The EU delegation is also set to meet the country’s
Foreign Minister, Mohammad- Javad Zarif, and the Honourary Chairman of the
Expediency Council, Hashemi Rafsanjani, during their visit.
Off-Broadway play on Iraq's war women comes to city
Dec 14, 2013
GURGAON: An award-winning off-Broadway play that
explores the impact of war on women will be staged in the city on Monday.
Heather Raffo's '9 Parts of Desire', with Ira Dubey playing the parts of nine
women who live within the siege of conflict in Iraq between the first and
second Gulf Wars, is at once a social commentary, a love story, a feminist act
and a freedom fight.
Directed by Lilllete Dubey, it's a portrait of the
extraordinary, and ordinary, lives of Iraqi women - an attractive painter, a
radical communist, a doctor, an exile and wives, mothers and lovers.
"There are nine different characters, from a nine-year-old child to a
70-year-old woman who c0ome from different classes and social set-ups," says
Lillete, who was initially apprehensive about daughter Ira pulling off the solo
It wasn't easy. Ira had to devote months of research
and reading to prepare herself for the roles. "She's put everything into
the act. Within five minutes of the play, you are transported to Iraq,"
says Lillete. With only one set of clothes - a simple gown which can be altered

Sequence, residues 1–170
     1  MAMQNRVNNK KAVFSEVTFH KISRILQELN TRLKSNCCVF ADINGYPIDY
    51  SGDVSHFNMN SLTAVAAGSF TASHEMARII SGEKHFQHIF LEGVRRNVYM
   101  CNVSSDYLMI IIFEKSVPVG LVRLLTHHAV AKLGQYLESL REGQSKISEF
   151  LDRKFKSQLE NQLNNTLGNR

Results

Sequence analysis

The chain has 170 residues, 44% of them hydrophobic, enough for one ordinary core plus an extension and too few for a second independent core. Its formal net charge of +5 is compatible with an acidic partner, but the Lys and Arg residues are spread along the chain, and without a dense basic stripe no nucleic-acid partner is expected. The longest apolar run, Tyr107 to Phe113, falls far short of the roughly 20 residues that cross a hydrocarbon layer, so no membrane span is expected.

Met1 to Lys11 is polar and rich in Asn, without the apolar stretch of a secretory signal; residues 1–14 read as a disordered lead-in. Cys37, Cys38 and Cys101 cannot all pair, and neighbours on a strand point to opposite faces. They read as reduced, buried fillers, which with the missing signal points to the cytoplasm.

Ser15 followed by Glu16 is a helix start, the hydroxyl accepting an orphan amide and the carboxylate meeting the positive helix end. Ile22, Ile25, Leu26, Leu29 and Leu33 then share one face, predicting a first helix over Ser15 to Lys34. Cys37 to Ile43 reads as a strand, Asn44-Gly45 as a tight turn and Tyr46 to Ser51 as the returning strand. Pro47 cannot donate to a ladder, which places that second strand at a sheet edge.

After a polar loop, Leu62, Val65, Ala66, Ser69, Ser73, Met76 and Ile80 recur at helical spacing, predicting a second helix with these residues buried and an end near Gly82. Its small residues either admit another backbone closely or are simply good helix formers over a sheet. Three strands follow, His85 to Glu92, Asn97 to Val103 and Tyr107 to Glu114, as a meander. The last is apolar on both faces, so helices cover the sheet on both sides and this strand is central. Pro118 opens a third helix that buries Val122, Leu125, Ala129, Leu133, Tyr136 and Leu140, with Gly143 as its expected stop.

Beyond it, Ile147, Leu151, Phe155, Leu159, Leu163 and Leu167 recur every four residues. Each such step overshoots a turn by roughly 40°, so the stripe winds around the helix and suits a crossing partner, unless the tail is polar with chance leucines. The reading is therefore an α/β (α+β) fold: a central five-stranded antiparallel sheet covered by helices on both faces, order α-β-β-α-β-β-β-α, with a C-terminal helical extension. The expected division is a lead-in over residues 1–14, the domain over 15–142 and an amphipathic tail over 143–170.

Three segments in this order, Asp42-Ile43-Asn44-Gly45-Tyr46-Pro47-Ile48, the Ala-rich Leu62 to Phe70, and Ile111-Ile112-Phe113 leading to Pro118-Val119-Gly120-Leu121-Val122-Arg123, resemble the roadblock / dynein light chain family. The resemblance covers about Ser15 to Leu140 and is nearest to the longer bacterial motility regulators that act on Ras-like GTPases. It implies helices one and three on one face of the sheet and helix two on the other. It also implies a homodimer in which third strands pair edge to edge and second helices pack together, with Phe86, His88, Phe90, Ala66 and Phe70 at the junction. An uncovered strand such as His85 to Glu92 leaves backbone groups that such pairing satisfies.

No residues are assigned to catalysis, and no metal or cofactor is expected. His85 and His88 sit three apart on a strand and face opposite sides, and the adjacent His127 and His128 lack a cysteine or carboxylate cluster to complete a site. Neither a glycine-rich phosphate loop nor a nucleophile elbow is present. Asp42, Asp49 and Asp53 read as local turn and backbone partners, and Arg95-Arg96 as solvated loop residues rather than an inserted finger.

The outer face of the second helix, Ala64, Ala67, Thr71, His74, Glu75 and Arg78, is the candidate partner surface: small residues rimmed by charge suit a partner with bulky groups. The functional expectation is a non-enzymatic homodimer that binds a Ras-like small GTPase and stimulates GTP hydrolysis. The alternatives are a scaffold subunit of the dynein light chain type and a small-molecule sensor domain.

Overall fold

with a scarf or a jacket - for the play, Lillete's brief to Ira was simple.
"You are one actor who has to make me believe that you are nine." So
it's Ira's show at the end of the day as she seamlessly dives in and out of
characters, becoming a kaleidoscope of Iraqi society.
Lillete said Raffo's phenomenal writing made her job
directing the play simpler. The half Iraqi, half American Raffo didn't let the
script become grim despite its war theme. "To give humour which is not
comic in a material like war can only be Raffo's work," Lillete said,
adding, "For me, the play goes beyond the political impact and horrors of
war. It's a feminist point of view of everyday women in a war-torn Iraq."
A line in the play sums up how women and largely
people are similar all over the world. It comes from an Iraqi woman to an